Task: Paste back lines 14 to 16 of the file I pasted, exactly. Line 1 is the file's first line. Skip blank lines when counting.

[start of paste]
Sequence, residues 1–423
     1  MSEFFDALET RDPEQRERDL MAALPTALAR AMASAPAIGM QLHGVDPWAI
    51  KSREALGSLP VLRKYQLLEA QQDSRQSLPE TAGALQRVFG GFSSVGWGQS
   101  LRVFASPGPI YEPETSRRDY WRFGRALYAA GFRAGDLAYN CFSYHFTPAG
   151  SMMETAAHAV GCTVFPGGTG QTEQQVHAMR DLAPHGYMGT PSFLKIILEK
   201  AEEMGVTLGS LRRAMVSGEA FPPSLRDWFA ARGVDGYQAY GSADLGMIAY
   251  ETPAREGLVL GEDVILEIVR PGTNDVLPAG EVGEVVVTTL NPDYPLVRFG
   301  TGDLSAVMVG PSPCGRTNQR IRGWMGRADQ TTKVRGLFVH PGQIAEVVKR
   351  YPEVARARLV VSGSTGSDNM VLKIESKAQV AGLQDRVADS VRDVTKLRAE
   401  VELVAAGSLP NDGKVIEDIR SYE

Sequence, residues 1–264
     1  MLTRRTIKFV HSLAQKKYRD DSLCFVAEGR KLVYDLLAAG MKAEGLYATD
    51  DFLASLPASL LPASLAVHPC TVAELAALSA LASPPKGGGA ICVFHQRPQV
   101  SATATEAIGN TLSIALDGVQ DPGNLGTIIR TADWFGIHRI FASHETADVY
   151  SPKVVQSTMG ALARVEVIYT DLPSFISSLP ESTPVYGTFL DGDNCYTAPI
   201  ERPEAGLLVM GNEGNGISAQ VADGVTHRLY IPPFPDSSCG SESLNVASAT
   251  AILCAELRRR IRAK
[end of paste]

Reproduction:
   101  SATATEAIGN TLSIALDGVQ DPGNLGTIIR TADWFGIHRI FASHETADVY
   151  SPKVVQSTMG ALARVEVIYT DLPSFISSLP ESTPVYGTFL DGDNCYTAPI
   201  ERPEAGLLVM GNEGNGISAQ VADGVTHRLY IPPFPDSSCG SESLNVASAT